In the above screenshot example we can see three very clear clusters along the edge: ‘Ankle Boots’ to ‘Slippers’ is one cluster, ‘Socks’ to ‘Stockings & Hold Ups’ is the next and then we have ‘Scarves’ to ‘Sunglasses’. These clusters make it easy to spot the that cards that participants felt belonged together and also provides hard data around how many times that happened.

Next up are the dendrograms. Dendrograms are also great for gaining an overall sense of how similar (or different) your participants’ card sorts were to each other. Found under the Dendrogram tab in the results section of the tool, the two dendrograms are generated by different algorithms and which one you use depends largely on how many participants you have. If your study resulted in 30 or more completed card sorts, use the Actual Agreement Method (AAM) dendrogram and if your study had fewer than 30 completed card sorts, use the Best Merge Method (BMM) dendrogram.

The AAM dendrogram (see below) shows only factual relationships between the cards and displays scores that precisely tell you that ‘X% of participants in this study agree with this exact grouping’.

In the below example, the study shown had 34 completed card sorts and the AAM dendrogram shows that 77% of participants agreed that the cards highlighted in green belong together and a suggested name for that group is ‘Bling’. The tooltip surfaces one of the possible category names for this group and as demonstrated here it isn’t always the best or ‘recommended’ one. Take it with a grain of salt and be sure to thoroughly check the rest of your results before committing!  

A screenshot of the Actual Agreement Method (AAM) dendrogram in OptimalSort.AAM Dendrogram in OptimalSort.

The BMM dendrogram (see below) is different to the AAM because it shows the percentage of participants that agree with parts of the grouping - it squeezes the data from smaller sample sizes and makes assumptions about larger clusters based on patterns in relationships between individual pairs. The AAM works best with larger sample sizes because it has more data to work with and doesn’t make assumptions while the BMM is more forgiving and seeks to fill in the gaps.   

The below screenshot was taken from an example study that had 7 completed card sorts and its BMM dendrogram shows that 50% of participants agreed that the cards highlighted in green down the left hand side belong to ‘Accessories, Bottoms, Tops’.

A screenshot of the Best Merge Method (BMM) dendrogram in OptimalSort.

BMM Dendrogram in OptimalSort.

Drill down and cross reference

Once you’ve gained a high level impression of the results, it’s time to dig deeper and unearth some solid insights that you can share with your stakeholders and back up your design decisions.  

Explore your open and hybrid card sort data in more detail by taking a closer look at the Categories tab. Open up each category and cross reference to see if people were thinking along the same lines. Multiple participants may have created the same category label, but what lies beneath could be a very different story. It’s important to be thorough here because the next step is to start standardizing or chunking individual participant categories together to help you make sense of your results.

In open and hybrid sorts, participants will be able to label their categories themselves. This means that you may identify a few categories with very similar labels or perhaps spelling errors or different formats. You can standardize your categories by merging similar categories together to turn them into one. OptimalSort makes this really easy to do - you pretty much just tick the boxes alongside each category name and then hit the ‘Standardize’ button up the top (see below). Don’t worry if you make a mistake or want to include or exclude groupings; you can unstandardize any of your categories anytime.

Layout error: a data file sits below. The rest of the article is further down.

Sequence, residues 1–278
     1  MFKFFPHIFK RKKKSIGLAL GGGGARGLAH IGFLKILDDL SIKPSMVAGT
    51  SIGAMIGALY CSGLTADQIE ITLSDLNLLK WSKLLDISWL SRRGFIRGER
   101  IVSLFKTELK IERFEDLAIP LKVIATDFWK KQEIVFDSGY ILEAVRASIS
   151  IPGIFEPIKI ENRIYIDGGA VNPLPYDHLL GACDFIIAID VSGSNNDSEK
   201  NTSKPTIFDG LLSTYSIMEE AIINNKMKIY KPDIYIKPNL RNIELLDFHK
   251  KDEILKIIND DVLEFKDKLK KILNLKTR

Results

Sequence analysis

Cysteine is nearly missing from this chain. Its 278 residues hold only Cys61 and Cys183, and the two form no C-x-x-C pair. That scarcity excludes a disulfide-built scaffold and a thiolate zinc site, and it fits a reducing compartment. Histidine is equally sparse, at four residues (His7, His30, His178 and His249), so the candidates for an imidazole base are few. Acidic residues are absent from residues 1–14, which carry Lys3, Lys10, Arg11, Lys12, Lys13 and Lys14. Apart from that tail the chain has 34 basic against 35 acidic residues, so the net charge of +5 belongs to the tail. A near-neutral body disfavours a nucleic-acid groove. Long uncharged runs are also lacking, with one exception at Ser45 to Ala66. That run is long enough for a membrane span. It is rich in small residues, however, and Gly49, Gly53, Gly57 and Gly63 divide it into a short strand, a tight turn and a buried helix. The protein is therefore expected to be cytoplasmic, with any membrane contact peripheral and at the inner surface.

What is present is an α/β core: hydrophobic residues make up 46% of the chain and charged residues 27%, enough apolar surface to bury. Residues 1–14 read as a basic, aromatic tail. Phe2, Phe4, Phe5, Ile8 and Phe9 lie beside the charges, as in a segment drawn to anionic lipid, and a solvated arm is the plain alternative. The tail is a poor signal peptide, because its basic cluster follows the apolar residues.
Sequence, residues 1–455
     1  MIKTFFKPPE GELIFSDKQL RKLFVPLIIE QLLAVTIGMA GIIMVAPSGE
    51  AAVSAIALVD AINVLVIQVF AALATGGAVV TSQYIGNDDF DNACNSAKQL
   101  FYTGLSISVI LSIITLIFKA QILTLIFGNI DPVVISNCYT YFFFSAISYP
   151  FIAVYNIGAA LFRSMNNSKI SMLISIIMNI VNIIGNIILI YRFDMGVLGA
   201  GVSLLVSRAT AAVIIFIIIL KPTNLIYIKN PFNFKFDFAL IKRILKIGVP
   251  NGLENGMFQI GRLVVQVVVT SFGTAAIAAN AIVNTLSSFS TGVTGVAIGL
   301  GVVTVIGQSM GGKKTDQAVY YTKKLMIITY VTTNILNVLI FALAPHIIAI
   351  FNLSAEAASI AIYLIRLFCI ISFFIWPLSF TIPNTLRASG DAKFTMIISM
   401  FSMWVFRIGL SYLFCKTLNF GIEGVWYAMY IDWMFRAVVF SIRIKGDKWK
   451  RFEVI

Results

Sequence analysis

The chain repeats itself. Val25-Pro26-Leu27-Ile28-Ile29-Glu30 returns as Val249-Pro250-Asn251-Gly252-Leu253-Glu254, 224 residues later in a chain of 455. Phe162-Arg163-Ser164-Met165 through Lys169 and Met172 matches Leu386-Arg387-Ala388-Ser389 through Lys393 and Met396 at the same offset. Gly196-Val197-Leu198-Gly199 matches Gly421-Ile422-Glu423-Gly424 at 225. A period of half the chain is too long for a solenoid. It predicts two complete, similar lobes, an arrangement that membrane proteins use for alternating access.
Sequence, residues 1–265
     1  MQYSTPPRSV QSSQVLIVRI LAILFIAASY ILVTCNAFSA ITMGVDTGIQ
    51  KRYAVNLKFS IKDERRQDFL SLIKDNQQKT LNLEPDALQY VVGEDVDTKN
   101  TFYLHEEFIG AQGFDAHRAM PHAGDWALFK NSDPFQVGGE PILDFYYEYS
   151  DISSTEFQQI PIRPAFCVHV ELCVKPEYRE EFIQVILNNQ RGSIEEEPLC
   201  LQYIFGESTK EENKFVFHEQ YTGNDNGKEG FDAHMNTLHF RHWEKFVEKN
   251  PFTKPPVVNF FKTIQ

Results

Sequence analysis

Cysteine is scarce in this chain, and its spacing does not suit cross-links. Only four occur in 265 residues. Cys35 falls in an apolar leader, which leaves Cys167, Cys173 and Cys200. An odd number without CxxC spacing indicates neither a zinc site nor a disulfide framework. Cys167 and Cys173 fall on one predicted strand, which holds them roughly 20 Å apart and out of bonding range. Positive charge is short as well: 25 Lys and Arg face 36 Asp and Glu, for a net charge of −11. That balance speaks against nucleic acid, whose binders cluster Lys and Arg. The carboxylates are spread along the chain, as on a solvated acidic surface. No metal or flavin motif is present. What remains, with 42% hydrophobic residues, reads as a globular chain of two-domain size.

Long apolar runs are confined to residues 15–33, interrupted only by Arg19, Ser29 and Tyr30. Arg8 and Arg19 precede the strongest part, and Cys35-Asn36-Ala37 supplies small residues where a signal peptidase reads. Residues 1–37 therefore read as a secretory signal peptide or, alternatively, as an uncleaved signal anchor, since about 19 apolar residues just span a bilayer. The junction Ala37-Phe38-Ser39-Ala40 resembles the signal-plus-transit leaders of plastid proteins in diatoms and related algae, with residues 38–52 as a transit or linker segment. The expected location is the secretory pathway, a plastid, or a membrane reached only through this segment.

A screenshot of the categories tab in OptimalSort, showing how categorization works.

Standardizing categories in OptimalSort.

Once you’ve standardized a few categories, you’ll notice that the Agreement number may change. It tells you how many participants agreed with that grouping. An agreement number of 1.0 is equal to 100% meaning everyone agrees with everything in your newly standardized category while 0.6 means that 60% of your participants agree. Another number to watch for here is the number of participants who sorted a particular card into a category which will appear in the frequency column in dark blue in the right-hand column of the middle section of the below image.

A screenshot of the categories tab after the creation of two groupings.Categories table after groupings called ‘Accessories’ and ‘Bags’ have been standardized.

A screenshot of the Categories tab showing some of the groupings under 'Accessories'.

A closer look at the standardized category for ‘Accessories’.

From the above screenshot we can see that in this study, 18 of the 26 participant categories selected agree that ‘Cat Eye Sunglasses’ belongs under ‘Accessories’.

Once you’ve standardized a few more categories you can head over to the Standardization Grid tab to review your data in more detail. In the below image we can see that 18 participants in this study felt that ‘Backpacks’ belong in a category named ‘Bags’ while 5 grouped them under ‘Accessories’. Probably safe to say the backpacks should join the other bags in this case.

A screenshot of the Standardization grid tab in OptimalSort.Standardization Grid in OptimalSort.

So that’s a quick overview of how to interpret the results from your open or hybrid card sorts. Keep your eyes peeled for Part 2 of this series where we’re going to be talking about interpreting results from closed card sorts as well as next steps for applying these juicy insights to your IA design process.

Further reading

Published on Dec 05, 2018
Ashlea McKay
  • Ashlea McKay
  • Ashlea McKay is a UX researcher, writer and keynote speaker with an industrial design background. She has more than 8 years of experience spanning both the public and private sectors in Australia and internationally in the SaaS space. Ashlea co-founded UX advice column UX Agony Aunt with Optimal Workshop in 2015 and is heavily involved in the global UX community through industry publications, mentoring and conference speaking engagements. Ashlea is also a proud autistic person who was diagnosed later in life. After spending 30 years not knowing she was missing a key piece of her identity, finding out she’s on the spectrum was the best thing that ever happened to her. Ashlea is currently writing her first book on life as an autistic UXer and is based in Canberra, Australia.